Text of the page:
E-commerce platforms in the US have much catching up to do when it comes to preventing counterfeit activities, compared to platforms such as Alibaba, according to a US congressional hearing on counterfeiting and trademarks.
At a recent round table with brand owners and platforms, “we learned Alibaba’s anti-counterfeiting policies and programs are significantly more effective than any of their US counterparts,” said Doug Collins, a Republican congressman and ranking member of the House Judiciary Committee, in an opening statement at the hearing last week. “I find it shocking US platforms are so far behind.”
In Alibaba's 2018 annual report on intellectual property rights protection, the company said that 96 per cent of listings that it removed proactively took place before a single sale took place.
In a statement submitted for the hearing, International Anti-Counterfeiting Coalition (IACC) president Robert Barchiesi – who was serving as a witness – said that the IACC has been “greatly pleased by the progress Alibaba has shown during the past five years”, pointing out that the company has been responsive to concerns from stakeholders and proactively enforced measures while using platform data to work with law enforcement to tackle counterfeiting offline.
Alibaba, together with companies like Amazon and Walmart, have also directly engaged with members of the Toy Association to help reduce the number of unsafe counterfeit toys on their e-commerce platforms, said Rebecca Mond, who was representing the association at the hearing.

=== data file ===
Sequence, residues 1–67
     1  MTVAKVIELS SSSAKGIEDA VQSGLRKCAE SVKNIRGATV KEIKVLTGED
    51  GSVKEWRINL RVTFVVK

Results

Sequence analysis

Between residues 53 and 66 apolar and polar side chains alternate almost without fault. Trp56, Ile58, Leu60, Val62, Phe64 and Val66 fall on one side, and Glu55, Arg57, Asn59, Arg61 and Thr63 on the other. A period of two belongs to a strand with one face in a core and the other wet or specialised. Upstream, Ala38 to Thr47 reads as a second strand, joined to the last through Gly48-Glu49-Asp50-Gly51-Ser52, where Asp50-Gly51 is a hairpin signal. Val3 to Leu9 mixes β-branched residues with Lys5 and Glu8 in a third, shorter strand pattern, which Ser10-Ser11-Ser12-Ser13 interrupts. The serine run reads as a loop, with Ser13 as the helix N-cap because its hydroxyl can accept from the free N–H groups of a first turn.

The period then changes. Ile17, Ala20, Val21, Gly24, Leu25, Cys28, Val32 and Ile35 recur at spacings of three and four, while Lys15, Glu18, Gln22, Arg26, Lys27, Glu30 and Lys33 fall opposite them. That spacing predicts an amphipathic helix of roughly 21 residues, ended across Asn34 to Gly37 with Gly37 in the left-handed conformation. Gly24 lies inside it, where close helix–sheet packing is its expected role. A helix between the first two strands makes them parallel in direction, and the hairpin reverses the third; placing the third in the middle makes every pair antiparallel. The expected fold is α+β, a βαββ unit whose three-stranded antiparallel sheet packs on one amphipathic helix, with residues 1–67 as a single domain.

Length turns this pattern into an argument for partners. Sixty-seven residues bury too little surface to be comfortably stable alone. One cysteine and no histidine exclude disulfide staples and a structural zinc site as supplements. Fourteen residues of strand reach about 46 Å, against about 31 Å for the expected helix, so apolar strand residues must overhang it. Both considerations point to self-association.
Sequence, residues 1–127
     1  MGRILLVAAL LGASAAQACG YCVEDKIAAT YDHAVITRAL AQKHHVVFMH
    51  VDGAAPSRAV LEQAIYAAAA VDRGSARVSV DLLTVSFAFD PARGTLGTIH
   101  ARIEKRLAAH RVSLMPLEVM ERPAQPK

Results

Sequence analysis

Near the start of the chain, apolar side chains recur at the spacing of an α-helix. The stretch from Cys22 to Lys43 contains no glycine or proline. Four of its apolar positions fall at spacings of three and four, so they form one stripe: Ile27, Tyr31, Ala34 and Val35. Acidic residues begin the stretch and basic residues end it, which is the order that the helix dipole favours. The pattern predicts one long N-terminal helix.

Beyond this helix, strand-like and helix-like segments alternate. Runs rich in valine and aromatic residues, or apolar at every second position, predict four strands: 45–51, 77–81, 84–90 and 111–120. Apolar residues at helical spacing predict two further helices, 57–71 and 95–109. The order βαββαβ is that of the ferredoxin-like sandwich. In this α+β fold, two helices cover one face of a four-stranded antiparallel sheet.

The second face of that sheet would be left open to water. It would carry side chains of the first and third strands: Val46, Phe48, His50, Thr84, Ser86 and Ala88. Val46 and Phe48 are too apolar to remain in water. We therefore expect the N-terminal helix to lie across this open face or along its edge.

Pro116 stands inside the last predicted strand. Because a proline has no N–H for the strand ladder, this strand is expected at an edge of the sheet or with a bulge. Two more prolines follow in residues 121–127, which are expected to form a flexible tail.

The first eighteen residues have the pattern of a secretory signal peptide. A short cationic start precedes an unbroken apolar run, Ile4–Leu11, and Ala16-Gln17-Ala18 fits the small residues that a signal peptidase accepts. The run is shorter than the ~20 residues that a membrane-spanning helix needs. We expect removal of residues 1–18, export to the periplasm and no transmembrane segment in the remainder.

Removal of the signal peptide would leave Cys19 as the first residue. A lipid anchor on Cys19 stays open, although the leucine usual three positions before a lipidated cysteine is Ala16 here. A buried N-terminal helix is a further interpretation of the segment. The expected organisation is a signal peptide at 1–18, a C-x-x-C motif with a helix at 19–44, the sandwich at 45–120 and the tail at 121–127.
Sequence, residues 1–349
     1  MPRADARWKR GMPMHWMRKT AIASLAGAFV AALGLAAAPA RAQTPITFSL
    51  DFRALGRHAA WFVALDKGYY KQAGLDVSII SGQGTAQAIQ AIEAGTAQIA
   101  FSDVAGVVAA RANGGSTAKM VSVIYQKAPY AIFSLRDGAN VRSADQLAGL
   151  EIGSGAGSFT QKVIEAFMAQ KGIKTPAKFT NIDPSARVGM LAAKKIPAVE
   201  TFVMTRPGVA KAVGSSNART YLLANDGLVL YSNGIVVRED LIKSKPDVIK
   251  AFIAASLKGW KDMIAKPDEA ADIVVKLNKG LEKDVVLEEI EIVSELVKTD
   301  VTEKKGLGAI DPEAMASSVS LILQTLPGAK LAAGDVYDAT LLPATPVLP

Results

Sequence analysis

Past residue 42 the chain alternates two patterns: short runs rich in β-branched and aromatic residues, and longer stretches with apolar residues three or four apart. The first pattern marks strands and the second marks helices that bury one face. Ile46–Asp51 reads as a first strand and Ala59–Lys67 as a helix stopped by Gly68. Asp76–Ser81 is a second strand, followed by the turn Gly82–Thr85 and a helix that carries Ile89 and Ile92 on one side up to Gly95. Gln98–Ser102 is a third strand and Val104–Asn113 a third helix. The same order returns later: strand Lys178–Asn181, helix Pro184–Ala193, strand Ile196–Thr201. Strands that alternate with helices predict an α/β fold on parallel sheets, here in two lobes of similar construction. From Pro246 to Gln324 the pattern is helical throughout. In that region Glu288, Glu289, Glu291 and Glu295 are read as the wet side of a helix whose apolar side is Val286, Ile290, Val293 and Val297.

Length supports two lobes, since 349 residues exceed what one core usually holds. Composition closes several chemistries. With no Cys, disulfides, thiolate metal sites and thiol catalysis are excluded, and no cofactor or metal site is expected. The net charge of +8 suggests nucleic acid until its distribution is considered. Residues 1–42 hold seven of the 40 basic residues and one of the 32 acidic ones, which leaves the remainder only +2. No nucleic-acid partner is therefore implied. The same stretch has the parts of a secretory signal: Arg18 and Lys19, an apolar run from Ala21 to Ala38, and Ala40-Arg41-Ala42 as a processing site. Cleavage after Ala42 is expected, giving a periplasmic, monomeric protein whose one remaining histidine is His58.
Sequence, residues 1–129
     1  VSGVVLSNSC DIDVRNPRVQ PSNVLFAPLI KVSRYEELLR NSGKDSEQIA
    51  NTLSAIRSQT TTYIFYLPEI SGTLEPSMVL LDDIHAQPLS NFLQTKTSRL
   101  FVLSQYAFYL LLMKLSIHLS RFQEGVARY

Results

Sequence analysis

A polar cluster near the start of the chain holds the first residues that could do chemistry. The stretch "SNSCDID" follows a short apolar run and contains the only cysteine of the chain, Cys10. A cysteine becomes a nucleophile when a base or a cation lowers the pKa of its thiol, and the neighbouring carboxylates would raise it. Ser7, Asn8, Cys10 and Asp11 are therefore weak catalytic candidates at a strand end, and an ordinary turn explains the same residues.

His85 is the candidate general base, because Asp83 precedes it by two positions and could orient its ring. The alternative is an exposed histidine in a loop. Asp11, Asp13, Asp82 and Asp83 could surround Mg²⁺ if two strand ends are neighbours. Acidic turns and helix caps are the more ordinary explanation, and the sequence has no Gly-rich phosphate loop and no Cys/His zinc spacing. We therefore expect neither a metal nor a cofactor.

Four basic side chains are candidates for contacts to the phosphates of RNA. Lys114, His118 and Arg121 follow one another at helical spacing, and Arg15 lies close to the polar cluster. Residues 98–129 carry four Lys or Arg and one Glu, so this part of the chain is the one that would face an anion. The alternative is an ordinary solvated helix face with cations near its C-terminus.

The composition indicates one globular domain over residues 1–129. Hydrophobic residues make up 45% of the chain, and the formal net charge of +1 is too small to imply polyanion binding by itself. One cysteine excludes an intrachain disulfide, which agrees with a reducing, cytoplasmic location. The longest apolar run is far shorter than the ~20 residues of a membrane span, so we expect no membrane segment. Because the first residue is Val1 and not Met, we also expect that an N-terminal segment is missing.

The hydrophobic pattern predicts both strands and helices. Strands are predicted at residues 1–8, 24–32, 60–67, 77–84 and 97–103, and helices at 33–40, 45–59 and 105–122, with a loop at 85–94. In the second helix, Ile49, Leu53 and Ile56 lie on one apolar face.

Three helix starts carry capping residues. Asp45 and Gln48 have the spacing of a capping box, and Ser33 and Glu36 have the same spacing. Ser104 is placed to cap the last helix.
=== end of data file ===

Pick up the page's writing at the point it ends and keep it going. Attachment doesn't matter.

Alibaba, which operates the popular Taobao and Tmall e-commerce marketplaces in China, has been under scrutiny since at least 2015 as brands accused the company of allowing the proliferation of fake goods on its platforms. Alibaba owns the Post.
The Office of the United States Trade Representative put Taobao on its “notorious markets” list in 2016. Currently, other marketplaces named on the list include Shanghai-based Pinduoduo and SEA’s Shopee platform in Thailand, Malaysia, Indonesia and the Philippines.
The same year, Alibaba’s membership in the IACC was suspended after less than a month after it joined the group, following the departure of brands like Gucci and Michael Kors that protested Alibaba’s membership.
In 2017, Alibaba set up the Alibaba Anti-Counterfeiting Association (AACA) to work with brands and stakeholders, implementing technology and data-driven initiatives to weed out counterfeit product listings on its platforms, such as the use of artificial intelligence to identify and take down suspicious listings.
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This article US e-commerce platforms “far behind” Alibaba on anti-counterfeiting efforts, US subcommittee hears first appeared on South China Morning Post